The team brought in the hospital’s information systems (IS) department to avoid work-arounds and allow users to identify when the patient has refused the vaccine or determine other reasons why the dose is not given.

“You’ve got to be sure [the process] makes sense,” says Sharp. “One of the easiest things for a clinician to do, if a process is cumbersome, is find a work-around.”

Upon finding an issue with the EMR or dispensing machines, a quality improvement person must involve the end users to identify the cause of the problem.

One big problem CVMC discovered is the use of work-arounds surrounding core measures and influenza and pneumococcal vaccinations.

“We’ve found by looking at the Pyxis logs that there are ways that are legitimate in finding that these vaccinations don’t need to be given,” says Sharp. “We’re trying to standardize the process, make sure everyone is educated.”

CVMC is examining Pyxis logs, has a nurse vaccination team, and includes pharmacy and IS in addressing this ongoing issue.

“We’ve identified these work-arounds as part of the vaccination issue, but it’s bigger than that, and it has helped us,” says Sharp. “The abstractors have identified the problem and sat down with a multidisciplinary team to address the issue.”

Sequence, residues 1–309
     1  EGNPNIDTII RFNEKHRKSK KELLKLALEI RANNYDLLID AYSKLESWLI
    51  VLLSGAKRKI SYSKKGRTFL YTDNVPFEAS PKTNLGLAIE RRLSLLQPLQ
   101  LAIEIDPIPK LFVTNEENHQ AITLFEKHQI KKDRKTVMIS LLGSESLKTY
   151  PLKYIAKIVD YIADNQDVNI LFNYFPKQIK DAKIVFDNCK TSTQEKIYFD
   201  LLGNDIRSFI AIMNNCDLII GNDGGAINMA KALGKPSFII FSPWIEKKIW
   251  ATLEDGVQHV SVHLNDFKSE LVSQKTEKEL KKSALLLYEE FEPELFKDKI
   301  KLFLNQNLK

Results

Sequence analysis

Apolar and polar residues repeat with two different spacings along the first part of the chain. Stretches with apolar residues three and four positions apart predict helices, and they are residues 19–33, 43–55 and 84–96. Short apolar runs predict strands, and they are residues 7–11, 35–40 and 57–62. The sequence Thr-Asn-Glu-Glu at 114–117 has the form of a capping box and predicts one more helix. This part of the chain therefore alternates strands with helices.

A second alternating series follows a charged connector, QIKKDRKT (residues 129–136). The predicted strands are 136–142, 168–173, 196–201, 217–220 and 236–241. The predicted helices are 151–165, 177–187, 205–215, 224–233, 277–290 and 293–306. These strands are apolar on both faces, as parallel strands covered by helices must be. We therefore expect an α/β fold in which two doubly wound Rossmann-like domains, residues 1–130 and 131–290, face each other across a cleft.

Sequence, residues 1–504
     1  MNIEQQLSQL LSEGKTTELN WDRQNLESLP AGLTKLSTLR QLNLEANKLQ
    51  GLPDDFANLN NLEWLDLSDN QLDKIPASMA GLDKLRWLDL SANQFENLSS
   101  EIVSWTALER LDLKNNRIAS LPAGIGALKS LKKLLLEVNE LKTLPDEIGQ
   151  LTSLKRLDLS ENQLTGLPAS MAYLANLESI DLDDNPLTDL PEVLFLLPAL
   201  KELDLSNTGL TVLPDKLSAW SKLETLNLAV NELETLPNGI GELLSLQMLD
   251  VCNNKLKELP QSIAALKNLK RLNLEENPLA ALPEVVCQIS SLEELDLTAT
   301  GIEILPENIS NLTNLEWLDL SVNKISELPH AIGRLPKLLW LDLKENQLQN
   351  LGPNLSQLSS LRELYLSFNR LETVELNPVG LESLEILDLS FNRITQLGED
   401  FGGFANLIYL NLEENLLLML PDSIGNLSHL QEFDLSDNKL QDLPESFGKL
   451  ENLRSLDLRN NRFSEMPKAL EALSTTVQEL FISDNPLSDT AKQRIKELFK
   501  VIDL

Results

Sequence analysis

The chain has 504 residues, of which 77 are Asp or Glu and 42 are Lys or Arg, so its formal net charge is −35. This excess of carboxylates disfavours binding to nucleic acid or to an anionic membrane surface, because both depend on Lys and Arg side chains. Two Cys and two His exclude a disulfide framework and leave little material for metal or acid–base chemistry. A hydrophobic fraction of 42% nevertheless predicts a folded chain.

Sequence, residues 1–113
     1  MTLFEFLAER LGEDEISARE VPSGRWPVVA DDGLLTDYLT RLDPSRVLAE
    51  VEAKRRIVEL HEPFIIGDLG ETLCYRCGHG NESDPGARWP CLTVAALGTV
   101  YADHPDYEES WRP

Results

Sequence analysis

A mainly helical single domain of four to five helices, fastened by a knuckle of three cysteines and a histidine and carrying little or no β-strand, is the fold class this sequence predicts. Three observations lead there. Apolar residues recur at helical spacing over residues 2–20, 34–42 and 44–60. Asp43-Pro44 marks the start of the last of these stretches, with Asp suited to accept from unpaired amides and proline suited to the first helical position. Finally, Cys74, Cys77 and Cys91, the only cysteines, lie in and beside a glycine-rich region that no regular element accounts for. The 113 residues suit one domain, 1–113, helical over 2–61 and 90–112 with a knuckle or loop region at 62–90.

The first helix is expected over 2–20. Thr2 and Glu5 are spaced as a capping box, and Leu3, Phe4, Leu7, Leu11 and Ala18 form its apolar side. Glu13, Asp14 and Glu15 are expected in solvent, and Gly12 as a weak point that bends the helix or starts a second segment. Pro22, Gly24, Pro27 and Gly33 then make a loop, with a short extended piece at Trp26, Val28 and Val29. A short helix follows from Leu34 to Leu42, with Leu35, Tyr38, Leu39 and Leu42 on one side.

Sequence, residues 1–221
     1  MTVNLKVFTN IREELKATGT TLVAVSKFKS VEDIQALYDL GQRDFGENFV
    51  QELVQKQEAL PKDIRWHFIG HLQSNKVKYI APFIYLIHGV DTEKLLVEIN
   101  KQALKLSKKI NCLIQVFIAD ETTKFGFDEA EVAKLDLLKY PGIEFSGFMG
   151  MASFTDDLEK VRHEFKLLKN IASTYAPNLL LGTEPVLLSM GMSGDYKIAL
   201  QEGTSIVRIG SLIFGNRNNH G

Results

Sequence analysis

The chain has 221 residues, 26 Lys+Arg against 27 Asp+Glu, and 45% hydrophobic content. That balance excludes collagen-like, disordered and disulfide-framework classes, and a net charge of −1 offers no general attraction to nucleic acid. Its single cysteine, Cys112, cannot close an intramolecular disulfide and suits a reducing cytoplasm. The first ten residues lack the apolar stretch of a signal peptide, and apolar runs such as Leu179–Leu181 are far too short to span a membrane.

The process has also helped resolve other issues, including vaccinations and scheduling on the MAR, which sets vaccinations for 2 p.m.

“If you’ve got a patient going home in the morning, those doses can be missed,” says Sharp.

To fix this, an alert has been implemented as part of the discharge checklist that requires nurses to verify the status of patients’ vaccinations.

“What I’m excited about is the fact we’ve got a medication systems team and a performance improvement team with two very different purposes who have found the same issues and are working together to improve the whole system,” says Sharp.

Medication reconciliation is the next step in process improvement at CVMC.

“Our process is essentially paper-based currently,” says Sharp. “I’d like to see that go completely electronic.”